You can buy an annuity a little at a time, or in a single payment. That’s one of the reasons annuities can be appealing: You can choose a flexible premium annuity that lets you invest on a schedule that works for you, or you can buy a single premium annuity with a lump sum purchase.
Having lots of choices can make investing seem somewhat like a jigsaw puzzle. But all that variety can work in your favor, too, especially if it gives you flexibility in how you buy. That’s because finding the money to invest or deciding how to invest it are big issues for most people.
For example, you might be able to commit a small amount each month to build your personal retirement savings, but not thousands of dollars at a time. Or you might get a $5,000 bonus or an inheritance and want to put it to work right away.
Single Premium Annuity
Generally a single premium annuity requires a minimum investment, often $5,000, but impose no ceiling, or upper limit, on the amount of the purchase. That’s one reason people who inherit a sum of money or receive a lump sum payment see these annuities as a logical choice.
A single premium annuity can be used to buy either immediate annuities or deferred annuities, based on whether you want to start taking the income right away or at some point in the future.
A Little at a Time
The other way to buy an annuity is by making contributions either on a regular schedule or one that suits your changing financial situation. After an initial investment, typically of $500 to $1,000, you might invest $100 a month, year in and year out. Or you might add whatever money you earn from an occasional part-time job.
Most contracts are flexible, so you can skip months or vary the amount you contribute each year. The danger you face with sporadic contributions, however, is not committing enough to your long-term needs, and therefore potentially facing a shortfall after you retire.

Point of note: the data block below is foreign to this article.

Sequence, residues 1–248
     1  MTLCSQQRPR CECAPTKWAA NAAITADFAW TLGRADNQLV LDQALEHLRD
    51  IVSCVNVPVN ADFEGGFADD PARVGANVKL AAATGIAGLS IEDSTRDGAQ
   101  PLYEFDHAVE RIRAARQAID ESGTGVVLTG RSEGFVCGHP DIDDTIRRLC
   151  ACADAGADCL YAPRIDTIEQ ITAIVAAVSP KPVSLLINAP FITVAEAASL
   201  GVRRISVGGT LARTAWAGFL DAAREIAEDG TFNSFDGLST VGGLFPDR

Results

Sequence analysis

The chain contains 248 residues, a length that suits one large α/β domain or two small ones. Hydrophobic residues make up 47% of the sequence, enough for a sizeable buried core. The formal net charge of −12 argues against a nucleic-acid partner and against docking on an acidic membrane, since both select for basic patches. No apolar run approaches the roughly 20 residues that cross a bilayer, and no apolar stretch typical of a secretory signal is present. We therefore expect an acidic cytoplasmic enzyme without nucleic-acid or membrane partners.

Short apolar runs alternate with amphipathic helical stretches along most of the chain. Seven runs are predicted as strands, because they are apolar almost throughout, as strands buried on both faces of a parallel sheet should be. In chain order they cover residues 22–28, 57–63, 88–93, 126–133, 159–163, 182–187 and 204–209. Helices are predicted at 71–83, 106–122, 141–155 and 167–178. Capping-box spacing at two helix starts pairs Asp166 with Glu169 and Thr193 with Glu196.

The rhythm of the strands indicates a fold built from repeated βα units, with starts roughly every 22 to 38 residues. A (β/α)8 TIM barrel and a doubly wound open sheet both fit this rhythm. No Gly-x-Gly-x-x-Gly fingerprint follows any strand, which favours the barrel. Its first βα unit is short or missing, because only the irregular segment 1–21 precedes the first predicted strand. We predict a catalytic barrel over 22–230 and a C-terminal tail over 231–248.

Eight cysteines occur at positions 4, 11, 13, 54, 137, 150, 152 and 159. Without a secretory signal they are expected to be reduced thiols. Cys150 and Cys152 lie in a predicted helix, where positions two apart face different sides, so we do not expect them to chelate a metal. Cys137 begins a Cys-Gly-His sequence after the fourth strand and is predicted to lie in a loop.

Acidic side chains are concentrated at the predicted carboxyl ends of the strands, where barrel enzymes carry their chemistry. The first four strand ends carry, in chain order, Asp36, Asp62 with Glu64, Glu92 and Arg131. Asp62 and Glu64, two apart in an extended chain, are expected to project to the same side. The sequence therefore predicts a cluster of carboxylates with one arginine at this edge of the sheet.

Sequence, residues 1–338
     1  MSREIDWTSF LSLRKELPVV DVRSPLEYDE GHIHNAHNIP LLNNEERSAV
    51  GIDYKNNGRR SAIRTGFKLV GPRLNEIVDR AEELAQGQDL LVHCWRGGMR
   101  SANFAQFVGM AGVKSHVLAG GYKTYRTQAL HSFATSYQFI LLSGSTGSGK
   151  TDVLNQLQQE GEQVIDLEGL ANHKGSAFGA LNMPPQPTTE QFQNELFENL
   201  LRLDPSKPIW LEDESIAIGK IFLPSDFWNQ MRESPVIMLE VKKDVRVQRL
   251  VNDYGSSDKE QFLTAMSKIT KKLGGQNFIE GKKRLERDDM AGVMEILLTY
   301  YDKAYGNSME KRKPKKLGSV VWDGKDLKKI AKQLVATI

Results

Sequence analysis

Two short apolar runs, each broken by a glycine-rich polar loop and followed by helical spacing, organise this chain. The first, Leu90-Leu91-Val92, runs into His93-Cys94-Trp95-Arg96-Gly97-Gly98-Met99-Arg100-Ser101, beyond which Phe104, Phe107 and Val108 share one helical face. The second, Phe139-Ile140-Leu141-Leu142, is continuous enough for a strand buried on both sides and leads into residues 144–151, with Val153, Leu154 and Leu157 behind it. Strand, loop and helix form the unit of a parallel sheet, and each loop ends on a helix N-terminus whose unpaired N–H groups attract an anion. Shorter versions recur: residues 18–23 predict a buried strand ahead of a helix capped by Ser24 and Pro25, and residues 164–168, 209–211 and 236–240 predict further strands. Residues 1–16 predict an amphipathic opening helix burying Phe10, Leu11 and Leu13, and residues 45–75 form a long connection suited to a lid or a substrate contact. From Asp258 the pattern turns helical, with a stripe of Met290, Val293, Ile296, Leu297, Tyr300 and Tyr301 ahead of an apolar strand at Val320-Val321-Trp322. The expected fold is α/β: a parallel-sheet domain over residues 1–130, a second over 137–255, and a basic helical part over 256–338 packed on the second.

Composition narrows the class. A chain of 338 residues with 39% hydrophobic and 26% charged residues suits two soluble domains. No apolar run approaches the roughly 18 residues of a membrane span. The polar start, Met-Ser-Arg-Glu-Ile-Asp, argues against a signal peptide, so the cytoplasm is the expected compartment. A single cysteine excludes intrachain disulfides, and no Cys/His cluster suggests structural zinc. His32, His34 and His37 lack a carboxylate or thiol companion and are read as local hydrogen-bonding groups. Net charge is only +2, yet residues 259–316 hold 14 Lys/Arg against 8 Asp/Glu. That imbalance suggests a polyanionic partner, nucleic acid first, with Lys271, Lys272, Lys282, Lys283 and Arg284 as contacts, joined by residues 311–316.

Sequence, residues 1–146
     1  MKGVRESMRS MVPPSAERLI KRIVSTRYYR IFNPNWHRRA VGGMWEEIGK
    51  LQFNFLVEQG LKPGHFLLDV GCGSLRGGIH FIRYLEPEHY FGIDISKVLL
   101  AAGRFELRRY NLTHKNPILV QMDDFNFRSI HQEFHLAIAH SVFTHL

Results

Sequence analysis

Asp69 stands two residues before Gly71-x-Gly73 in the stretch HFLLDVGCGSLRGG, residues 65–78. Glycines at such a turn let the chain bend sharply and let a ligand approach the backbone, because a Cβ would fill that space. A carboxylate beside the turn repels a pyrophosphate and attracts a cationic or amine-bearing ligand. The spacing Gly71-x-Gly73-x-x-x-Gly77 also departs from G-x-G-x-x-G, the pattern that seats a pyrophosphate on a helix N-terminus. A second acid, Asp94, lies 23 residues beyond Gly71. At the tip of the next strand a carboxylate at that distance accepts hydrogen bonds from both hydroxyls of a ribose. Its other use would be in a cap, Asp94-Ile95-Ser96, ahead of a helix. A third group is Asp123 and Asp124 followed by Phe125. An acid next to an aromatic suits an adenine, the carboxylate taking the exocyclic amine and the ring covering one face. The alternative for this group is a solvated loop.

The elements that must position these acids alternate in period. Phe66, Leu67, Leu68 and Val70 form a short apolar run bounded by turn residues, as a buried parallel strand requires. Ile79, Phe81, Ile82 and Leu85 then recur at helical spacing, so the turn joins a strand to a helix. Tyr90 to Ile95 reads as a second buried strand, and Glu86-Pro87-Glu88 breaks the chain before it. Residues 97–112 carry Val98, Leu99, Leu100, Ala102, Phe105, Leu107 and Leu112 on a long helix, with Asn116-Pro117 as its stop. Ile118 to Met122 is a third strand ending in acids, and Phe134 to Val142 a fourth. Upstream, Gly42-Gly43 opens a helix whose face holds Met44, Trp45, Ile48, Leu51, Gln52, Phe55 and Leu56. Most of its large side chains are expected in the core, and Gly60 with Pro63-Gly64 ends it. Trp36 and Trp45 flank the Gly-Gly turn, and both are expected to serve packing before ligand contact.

To avoid this situation, you may want a fixed amount transferred automatically from your checking or money market account each month—sometimes in sums as modest as $25 a month. This approach usually commits you to regular contributions—and in most cases consistency is the most reliable approach to retirement savings.
Investing Early and Often
Making regular contributions to your annuity can help to invigorate your retirement planning. The earlier you start, the easier it is to build the resources you need to supplement your income. And you can work with your financial adviser to figure out how much you need to save and what you should be earning on those savings to generate the level of income you’d like to be able to count on. In the following example, you can get a sense of what you would have to invest to receive $500 a month from a fixed annuity earning 6% annually, assuming you chose lifetime annuity payments beginning at age 65.
The Variable Annuity Difference
With a variable annuity, you can’t predict the contract value you will accumulate or the amount of income your savings will generate in the future. The principal and return of a variable annuity will fluctuate so that upon withdrawal your investment may be worth more or less than your original investment.
After you make your initial lump sum annuity payment, some contracts, called a modified single premium annuity, allow you to put additional money into the existing annuity. You may have the choice of building the account with other lump sum amounts or with periodic deposits as you would with a flexible premium annuity. Other companies will require you to purchase a new contract to add more money.
Unless you’re buying a contract you intend to annuitize right away, you should probably ask about add-on provisions before you commit yourself to a contract. That eliminates surprises if your plans or your circumstances change. Our planners and financial specialists at QOOQe can help you make the right decision.